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When humans are reunited with their pets, owners might shed more than a few tears. But do dogs do the same? Until now, most evidence has indicated that, while they do exhibit empathic responses to humans in need of comfort, dogs do not cry. But a new study from Japan, published in the journal Current Biology, suggests that our canine companions might actually well up, too, when reunited with their owners. 

It’s no secret that dogs have close emotional bonds with their owners, demonstrating keen social intelligence and displaying human-like emotions. When pets reunite with owners from whom they have been separated for a period of time, they display “affiliative behavior.” These are actions that another organism finds satisfying or as agreeable behavior that helps create social connection between two parties.  

In the case of dogs reunited with their owners, the pups exhibited affiliative behavior like licking human faces, jumping on their owners, and wagging their tails. During these times, they experience the release of oxytocin, the so-called “love hormone,” as other studies have shown. 

Determining If Dogs Shed Tears

In this study, the scientists proposed that dogs would emit tears during owner reunions because of oxytocin; in response, owners would want to comfort the animals in turn. Researchers initially asked people to rate how much they wanted to care for a dog based on photos where dogs featured had either no tears or artificial tears. People ranked the pictures of dogs. Those with artificial tears ranked higher than those without artificial tears, meaning that people desired to care for dogs with tears in their eyes. In real life, such a reaction could reinforce an existing human-canine bond.   

Pug laying down indoors looking sad.
claudiodoenitzperez/Getty Images Plus via Getty Images

From there, researchers selected 18 dogs without separation anxiety or health issues, ones that had owners with good handling experience. Scientists measured these dogs’ daily tear production. They captured the volume of dogs’ tears when the dogs were home or spending time together with their owners versus when they were reunited with their owners after being home alone for five to seven hours. It was found that dogs teared up significantly more when they got back together with their owners after a time apart than when they were home with their owners. 

However, it’s important to note that no mention was made of the dogs’ breeds and how that might have impacted the study. For example, Shih Tzus have more prominent eyeballs, which could potentially skew the results. While some female dogs were spayed, all male dogs involved in the study were neutered, notes Dr. Jerry Klein, DVM and AKC’s Chief Veterinary Officer. While both male and female mammals secrete oxytocin in stressful situations, females produce more than males, which could also have skewed results.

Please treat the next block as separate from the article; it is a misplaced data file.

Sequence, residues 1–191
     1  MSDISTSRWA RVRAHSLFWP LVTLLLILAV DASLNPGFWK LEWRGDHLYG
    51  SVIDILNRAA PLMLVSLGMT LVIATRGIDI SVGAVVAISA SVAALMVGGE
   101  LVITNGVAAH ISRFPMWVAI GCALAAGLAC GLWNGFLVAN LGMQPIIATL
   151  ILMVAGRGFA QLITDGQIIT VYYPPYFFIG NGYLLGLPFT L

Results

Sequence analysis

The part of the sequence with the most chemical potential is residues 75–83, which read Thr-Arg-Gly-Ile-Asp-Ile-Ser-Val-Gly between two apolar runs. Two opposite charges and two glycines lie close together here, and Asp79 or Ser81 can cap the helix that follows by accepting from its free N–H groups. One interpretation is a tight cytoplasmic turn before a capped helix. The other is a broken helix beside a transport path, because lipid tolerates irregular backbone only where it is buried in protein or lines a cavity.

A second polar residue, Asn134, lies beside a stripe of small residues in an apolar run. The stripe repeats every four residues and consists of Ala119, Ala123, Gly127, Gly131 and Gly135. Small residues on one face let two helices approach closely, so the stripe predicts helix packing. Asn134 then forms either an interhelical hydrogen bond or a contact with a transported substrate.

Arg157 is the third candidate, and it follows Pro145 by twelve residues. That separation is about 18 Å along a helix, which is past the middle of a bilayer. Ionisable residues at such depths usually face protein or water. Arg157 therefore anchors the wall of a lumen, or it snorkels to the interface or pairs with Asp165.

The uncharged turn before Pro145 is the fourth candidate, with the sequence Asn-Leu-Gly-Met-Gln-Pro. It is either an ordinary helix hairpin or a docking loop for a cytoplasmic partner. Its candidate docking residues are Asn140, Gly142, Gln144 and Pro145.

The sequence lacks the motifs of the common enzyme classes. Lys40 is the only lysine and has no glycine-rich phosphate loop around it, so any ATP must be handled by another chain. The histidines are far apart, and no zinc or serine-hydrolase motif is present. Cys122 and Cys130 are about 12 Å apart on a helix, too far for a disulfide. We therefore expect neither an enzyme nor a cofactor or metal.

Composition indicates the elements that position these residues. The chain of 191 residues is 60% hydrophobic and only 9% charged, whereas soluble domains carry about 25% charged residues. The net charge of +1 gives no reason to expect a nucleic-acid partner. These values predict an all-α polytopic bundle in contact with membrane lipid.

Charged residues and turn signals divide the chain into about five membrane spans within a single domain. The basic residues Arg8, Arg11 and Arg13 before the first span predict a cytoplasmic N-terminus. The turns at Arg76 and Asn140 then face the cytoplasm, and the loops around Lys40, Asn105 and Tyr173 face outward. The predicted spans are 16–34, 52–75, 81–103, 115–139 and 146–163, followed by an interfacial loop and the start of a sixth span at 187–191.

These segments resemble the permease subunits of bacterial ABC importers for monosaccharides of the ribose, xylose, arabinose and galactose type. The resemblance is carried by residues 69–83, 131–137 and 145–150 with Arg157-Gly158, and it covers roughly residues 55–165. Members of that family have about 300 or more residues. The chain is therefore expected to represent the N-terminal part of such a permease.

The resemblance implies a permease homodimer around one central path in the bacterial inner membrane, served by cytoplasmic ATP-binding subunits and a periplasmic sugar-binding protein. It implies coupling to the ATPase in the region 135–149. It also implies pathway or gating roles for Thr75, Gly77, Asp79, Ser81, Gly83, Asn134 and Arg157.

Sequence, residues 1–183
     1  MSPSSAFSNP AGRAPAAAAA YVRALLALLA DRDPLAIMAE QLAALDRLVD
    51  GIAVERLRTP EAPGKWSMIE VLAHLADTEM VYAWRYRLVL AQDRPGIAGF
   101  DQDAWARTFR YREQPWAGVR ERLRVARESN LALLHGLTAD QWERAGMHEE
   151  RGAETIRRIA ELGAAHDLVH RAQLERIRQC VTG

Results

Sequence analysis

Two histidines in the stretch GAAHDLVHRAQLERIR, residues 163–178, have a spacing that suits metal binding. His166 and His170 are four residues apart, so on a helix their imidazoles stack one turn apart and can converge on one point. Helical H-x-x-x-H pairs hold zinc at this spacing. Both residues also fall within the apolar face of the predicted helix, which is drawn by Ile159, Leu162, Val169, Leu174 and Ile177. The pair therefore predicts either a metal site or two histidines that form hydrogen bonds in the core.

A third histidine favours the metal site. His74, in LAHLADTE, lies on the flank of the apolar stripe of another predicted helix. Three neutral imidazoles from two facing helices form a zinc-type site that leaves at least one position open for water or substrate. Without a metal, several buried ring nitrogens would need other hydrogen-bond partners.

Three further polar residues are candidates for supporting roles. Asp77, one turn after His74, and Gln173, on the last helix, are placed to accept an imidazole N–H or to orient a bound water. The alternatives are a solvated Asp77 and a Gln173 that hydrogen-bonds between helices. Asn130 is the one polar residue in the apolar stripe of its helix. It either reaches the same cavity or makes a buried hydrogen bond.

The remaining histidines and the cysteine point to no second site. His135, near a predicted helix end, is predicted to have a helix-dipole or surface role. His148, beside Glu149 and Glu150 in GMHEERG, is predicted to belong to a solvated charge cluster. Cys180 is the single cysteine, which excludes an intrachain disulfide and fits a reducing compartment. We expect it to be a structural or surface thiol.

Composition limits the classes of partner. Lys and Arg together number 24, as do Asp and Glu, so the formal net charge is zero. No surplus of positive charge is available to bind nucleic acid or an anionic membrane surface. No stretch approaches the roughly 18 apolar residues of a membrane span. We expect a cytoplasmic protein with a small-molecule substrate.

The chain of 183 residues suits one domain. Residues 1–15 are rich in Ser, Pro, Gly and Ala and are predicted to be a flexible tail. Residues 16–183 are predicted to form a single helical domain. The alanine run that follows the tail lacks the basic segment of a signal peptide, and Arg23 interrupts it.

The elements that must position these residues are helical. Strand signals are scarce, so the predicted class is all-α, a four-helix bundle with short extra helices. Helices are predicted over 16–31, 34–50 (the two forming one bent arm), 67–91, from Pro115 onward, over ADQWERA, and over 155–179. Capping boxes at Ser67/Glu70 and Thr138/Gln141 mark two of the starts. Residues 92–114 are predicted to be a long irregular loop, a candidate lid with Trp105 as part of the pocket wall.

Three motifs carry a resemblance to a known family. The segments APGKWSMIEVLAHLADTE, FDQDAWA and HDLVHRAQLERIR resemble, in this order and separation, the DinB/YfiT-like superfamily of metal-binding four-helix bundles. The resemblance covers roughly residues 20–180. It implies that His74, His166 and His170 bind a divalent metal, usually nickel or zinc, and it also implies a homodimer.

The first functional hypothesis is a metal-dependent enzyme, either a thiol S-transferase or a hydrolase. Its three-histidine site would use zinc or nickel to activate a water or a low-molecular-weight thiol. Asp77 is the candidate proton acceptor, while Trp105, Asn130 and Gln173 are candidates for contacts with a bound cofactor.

A similar test was performed with 20 dogs at a daycare facility. Tears were measured after the owners left as well, as well as when the owners returned. Dogs were separated from and then reunited with a familiar figure and with their owners; results showed that dogs emitted more tears when reunited with owners than familiar non-owners. In addition, some dogs were dropped off at daycare, then their tear secretion was measured once they were given either a control substance or oxytocin. Dogs who received oxytocin secreted more tears than those with the control substance.   

Pembroke Welsh Corgi puppy laying on a black leather cushion.
Nadeika/Getty Images Plus

Do Dogs Cry from Emotion?  

Dogs crying for emotional reasons may be be more in our minds than not. “Apart from the hormone oxytocin, one probable reason that humans respond to a dog’s tears is the behavioral principle of generalization,” says Dr. Mary Burch, Ph.D., a certified applied animal behaviorist and director of the AKC’s Family Dog Program. “We have a tendency to pair tears with the crying of someone (either a person or animal) who is in pain, sad, or in an emotional state where they need our caring and support. We know how we feel when we cry, and we connect in an emotional and sympathetic way with dogs who are tearful. 

It’s clearly possible that dogs exhibit tears to elicit caregiving behaviors from humans. Contact is clearly super-important in establishing relationships for canines and humans alike. As dogs and humans developed alongside one another, perhaps they did indeed begin emitting tears to ensure they’d be taken care of to further the human-canine bond. Or at least we can hope our dogs miss us that much when we’re gone. 

Related article: Do Dogs Grieve the Loss of Their Human Owners?
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